With urban renewal now high on the agenda,there are many occasions where the authority wants desperately for a site to be brought,at last,into development.They will tough out the terms and conditions and the architect must be on the same wavelength and speak the same language to achieve the best outcome for his client.He must equally be prepared to be tough with the client in persuading him ofthe merits ofsome policies and conditions which affect his scheme.
But the strongest weapon ofall and the one the other planning consultants can't get near - is design.One obvious example is the introduction ofwindow details to circumvent problems such as overlooking.More fundamental can be the use ofalternative sketch designs or massing exercises which show the often illogical consequences ofapplying general policies on particular sites.One example was our brieffor mixed-use live-and-work homes in a designated industrial employment area in Shoreditch where any residential use was then outlawed.
A flatted scheme previously sketched for the client had yielded a letter from the authority which listed 14 policy reasons why the proposal was unacceptable.Asked to take another look,we drew up a scheme of mews houses with workshop-offices on the ground floor and employing an 'industrial'aesthetic.This satisfied practical and environmental considerations and provided potentially more jobs than the existing industrial shed on the site.At the site meeting the officer immediately responded to the drawings:'I think I can sell this to the committee.'A City Challenge grant was offered for the scheme even before it got consent.
A well-led team approach The Development Team Approach [ DTA ] is a positive way ofthinking about large and complex projects, provided there is a very senior officer to lead on the local planning authority's side,to set the tone and direction ofthe LPA 's attitude and to consult, when necessary,the political members and prepare the way for a constructive decision.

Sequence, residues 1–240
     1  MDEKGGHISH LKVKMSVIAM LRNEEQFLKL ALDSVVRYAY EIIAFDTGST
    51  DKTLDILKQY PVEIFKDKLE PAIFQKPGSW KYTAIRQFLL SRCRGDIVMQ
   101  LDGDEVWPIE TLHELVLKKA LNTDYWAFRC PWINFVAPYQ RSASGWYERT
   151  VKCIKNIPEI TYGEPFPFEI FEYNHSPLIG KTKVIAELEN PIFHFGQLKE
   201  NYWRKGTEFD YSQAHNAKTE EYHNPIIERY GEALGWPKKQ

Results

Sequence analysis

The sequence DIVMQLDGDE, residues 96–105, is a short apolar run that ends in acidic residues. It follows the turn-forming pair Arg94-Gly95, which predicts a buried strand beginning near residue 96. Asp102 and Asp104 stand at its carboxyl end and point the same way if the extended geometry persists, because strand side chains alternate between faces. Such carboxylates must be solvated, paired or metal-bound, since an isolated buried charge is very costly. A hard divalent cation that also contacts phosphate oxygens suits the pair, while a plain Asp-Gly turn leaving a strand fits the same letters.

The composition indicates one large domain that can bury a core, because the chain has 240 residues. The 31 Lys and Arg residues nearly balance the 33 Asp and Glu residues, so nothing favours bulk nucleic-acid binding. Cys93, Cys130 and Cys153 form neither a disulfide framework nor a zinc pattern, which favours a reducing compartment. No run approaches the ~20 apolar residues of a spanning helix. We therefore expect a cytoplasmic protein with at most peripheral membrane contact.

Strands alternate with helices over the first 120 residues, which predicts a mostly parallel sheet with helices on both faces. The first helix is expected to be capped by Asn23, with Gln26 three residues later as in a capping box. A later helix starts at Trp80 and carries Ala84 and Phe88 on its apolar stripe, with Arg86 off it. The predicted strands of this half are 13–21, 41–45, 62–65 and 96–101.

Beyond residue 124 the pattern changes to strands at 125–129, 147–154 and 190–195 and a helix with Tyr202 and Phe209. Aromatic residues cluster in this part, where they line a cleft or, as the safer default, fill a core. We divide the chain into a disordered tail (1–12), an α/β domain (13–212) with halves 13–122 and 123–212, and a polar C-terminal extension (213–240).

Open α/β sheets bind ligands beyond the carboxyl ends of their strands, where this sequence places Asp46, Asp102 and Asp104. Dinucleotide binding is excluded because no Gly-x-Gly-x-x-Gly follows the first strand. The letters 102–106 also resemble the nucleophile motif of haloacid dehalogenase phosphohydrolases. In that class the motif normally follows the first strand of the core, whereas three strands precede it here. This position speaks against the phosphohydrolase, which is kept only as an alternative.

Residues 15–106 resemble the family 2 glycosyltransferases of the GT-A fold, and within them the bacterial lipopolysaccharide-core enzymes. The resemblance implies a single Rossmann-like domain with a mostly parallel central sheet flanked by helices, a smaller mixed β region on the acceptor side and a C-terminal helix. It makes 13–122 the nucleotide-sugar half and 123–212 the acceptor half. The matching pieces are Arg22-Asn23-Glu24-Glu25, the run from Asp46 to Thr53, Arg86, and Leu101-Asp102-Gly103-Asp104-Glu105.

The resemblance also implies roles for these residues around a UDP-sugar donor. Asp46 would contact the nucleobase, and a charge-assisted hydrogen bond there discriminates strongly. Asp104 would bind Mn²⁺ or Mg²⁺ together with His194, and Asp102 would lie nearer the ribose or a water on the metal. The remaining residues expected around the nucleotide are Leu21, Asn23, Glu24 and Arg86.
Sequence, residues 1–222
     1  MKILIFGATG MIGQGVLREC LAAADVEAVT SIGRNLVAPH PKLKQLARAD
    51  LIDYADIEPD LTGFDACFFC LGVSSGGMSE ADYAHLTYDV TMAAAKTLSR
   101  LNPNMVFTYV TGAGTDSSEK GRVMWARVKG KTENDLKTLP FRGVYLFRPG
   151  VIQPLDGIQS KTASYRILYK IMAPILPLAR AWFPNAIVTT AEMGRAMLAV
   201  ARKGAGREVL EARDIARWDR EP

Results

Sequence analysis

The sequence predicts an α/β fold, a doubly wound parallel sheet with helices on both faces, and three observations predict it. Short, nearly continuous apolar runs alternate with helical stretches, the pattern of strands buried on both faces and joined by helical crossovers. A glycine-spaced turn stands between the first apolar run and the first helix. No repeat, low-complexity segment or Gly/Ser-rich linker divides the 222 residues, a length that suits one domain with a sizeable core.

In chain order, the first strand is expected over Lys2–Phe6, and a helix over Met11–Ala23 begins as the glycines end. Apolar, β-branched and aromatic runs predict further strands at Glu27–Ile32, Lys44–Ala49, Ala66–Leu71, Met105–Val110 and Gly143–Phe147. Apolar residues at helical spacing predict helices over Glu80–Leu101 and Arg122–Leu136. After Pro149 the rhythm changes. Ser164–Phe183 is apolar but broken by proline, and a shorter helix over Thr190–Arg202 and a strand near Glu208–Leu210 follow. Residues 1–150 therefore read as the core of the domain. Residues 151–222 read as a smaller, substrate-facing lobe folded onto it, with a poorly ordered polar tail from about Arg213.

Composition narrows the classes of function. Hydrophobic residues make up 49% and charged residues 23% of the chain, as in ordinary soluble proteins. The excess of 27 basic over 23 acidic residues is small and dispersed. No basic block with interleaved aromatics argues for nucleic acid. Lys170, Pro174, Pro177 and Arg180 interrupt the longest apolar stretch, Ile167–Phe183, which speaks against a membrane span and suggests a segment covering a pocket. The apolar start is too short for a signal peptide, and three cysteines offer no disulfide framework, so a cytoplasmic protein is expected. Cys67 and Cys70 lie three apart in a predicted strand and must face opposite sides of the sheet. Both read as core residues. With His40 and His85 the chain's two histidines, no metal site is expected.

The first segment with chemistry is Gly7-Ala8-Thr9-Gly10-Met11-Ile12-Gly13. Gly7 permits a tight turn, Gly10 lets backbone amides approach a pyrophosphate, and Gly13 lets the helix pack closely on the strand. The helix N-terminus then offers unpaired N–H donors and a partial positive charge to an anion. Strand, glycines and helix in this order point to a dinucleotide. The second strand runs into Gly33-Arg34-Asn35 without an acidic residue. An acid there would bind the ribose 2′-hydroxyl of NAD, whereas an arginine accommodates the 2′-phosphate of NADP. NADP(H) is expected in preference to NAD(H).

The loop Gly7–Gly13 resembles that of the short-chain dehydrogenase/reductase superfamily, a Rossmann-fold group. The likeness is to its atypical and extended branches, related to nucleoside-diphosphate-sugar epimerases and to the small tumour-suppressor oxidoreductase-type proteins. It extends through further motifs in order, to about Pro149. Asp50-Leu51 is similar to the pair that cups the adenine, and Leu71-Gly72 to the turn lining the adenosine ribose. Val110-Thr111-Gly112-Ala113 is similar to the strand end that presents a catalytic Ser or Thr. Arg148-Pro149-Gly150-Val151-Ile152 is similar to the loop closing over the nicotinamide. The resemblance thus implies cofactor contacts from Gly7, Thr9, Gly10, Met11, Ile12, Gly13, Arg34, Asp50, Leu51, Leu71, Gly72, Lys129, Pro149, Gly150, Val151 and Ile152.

The DTA can also force the pace on the developer,setting an example by calling for him to address key issues and to bring in necessary skills to his team early on.The DTA approach wil failif it is allowed to become a talking shop with no clear departmental leadership orif it is conducted ambivalently or ambiguously.
LPA s need to have a good earlywarning system so that appropriate cases can be considered from the applicant's first serious enquiry for the DTA treatment by a senior officer.
It would bring the process into disrepute very quicklyif applicants,having established some rapport with a case officer,then found his authority removed and a DTA roadshow imposed in his place.
I believe that the DTA ,implemented well in appropriate cases, will achieve both better and speedier decisions.The DTA encourages the developer's team and the LPA 's team to raise each others expectations and to pace each other.
Exceptionally large applications (like T5 Heathrow) have brought planning into disrepute,except with the lawyers.The new subsidiarity concept in Modernising Planning will force LPA s and the Inspectorate to focus on the local policy issues.They will have to follow the dictat ofhigherlevel policies and accept the reduced local consultation as the appropriate price ofefficiency and effectiveness.
But it will be some years coming.
When it comes to the multitude of smaller cases which tend to bog up most planning departments,the 'one-stop-shop'comes into its own as an approach.The increasing dominance ofdelegated decisions is,in my view,highly desirable and makes for a reputable development-control system and adds relevance to an upto-date development plan.
I see the appeal system as an essential safeguard against the political uncertainties ofputting anything before a committee oflaymen whose tendency is to pander to the voters in the gallery and all their worst NIMBY instincts.The threat ofan appeal should put pressure on LPA s to make speedy and efficient decisions.For this they have to be dealt with quickly, by which I mean that the Inspectorate should have a target ofmaking 80 per cent ofdecisions within eight weeks.
Fortunately things are speeding up and decisions by inspectors are being issued within a week or two ofthe hearing or inquiry.Chiefinspector Chris Shepley,writing in Planning in London,says LPA s are having trouble keeping up and allocating resources.I share his hope that this is just a catching-up problem - no excuses should be accepted!
Brian Waters is principal ofThe Boisot Waters Cohen Partnership